I grew up learning a spontaneous style of improvisational singing called Desafio from Portugal, where people freestyle on stage together. [We channeled] the spirit of spontaneous freestyling in the studio. I have songs on this album that are freestyles. There's this beat that FnZ did, and I just opened my mouth and sang something, and that's the song. I went back and changed maybe three words and re-sang the vocal. You just kind of open the portal and sing. [Laughs.] For me, this album's really about community and, always, fusion.

Can you speak to how your daughter, as well as seeing Gen Z discovering your music on TikTok, and DJs remixing your songs encouraged and inspired you to go back to the studio?

Oh, that was cool. Dom had been communicating about [his Beyond the Valley] performance because he did a special mashup of "Give it To Me" and [his song] "Take It" that we premiered there. To top that off, he wanted to do the Bicep "Glue"/"Say It Right" [mashup]. He created this whole archway for me to come out and do this dramatic, beautifully received rendition of the song. That was a magical moment I'll never forget.

Four or five years ago, my daughter came home from high school and was like, "Mom, you're trending on TikTok." I didn't know what that meant. I'm not gonna lie; it wasn't until I walked out at Beyond the Valley and saw these Gen Z kids singing all the lyrics to my songs that I really understood the power of social media and TikTok. It was real; new people had discovered me.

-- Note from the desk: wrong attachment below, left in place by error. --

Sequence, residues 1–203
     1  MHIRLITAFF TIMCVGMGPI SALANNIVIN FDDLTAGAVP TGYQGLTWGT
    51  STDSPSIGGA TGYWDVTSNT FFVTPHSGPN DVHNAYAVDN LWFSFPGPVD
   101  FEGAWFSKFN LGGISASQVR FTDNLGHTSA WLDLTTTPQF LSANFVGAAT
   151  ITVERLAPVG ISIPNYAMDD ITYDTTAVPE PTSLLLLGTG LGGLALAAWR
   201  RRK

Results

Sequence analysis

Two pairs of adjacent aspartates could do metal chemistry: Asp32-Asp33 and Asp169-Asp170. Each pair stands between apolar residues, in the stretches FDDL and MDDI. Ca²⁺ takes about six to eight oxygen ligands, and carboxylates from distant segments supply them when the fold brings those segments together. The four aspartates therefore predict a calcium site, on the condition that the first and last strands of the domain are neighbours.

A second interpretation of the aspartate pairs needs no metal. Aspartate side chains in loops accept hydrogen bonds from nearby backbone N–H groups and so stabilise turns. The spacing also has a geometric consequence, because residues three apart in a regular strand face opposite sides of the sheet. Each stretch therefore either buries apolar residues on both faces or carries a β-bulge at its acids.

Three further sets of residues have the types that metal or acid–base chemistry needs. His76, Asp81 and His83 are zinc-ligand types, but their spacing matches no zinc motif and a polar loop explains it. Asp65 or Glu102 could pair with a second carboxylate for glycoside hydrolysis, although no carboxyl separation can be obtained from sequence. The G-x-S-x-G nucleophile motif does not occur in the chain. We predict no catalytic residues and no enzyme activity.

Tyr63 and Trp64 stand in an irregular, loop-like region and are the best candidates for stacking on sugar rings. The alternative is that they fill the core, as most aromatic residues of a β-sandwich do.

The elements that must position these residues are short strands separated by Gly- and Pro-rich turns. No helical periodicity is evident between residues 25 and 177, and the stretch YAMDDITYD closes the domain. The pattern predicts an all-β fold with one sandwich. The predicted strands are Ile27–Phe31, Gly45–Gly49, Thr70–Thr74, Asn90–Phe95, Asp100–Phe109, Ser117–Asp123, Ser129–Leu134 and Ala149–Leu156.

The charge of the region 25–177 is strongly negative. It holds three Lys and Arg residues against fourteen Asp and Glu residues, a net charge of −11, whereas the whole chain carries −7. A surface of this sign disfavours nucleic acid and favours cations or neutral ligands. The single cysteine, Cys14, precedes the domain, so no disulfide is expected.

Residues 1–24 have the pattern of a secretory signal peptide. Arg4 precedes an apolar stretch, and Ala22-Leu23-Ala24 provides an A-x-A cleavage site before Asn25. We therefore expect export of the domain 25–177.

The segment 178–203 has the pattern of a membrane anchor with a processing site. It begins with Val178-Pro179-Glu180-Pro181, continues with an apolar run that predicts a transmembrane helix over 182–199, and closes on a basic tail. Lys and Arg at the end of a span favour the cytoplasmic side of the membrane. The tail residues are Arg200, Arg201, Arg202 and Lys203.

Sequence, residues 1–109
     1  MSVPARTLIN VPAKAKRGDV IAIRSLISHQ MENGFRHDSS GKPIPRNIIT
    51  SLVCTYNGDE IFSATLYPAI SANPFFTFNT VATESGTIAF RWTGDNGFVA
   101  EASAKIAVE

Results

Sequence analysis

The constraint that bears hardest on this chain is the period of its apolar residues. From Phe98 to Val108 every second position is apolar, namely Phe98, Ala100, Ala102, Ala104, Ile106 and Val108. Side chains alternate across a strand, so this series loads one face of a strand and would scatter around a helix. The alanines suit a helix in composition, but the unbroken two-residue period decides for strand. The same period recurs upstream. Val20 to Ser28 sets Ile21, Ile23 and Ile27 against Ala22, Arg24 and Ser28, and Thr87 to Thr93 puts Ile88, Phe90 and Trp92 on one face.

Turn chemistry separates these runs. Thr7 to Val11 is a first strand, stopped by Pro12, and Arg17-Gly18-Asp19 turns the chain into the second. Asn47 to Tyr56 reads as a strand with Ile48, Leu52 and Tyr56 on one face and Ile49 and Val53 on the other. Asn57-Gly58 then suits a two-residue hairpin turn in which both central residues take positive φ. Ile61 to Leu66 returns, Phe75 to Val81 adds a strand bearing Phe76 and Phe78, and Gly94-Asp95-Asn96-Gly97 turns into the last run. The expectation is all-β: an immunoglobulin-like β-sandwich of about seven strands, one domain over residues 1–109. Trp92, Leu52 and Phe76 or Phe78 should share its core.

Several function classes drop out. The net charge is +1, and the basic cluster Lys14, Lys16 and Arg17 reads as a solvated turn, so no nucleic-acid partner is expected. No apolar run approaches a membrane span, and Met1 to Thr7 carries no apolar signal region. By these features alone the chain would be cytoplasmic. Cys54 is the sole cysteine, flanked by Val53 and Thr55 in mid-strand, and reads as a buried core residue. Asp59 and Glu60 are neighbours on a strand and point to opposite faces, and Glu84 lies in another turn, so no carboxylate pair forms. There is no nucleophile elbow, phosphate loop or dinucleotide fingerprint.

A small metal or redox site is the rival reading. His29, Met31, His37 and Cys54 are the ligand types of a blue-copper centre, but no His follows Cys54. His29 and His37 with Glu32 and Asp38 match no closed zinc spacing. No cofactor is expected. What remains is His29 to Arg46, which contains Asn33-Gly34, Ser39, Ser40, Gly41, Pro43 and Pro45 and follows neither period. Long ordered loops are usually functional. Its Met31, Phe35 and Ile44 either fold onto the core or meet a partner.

I just went to Stockholm and these kids were so young, singing every word of my old songs, and it blew my mind. I don't even know if they were born when the first records came out. [Laughs.]

I mean, people dressed up like Dom Dolla and I at Lollapalooza for Halloween with my same snake shirt. It was so meta and so cool. I love remix culture and nostalgia culture, and I lean into it. It's just like making a scrapbook.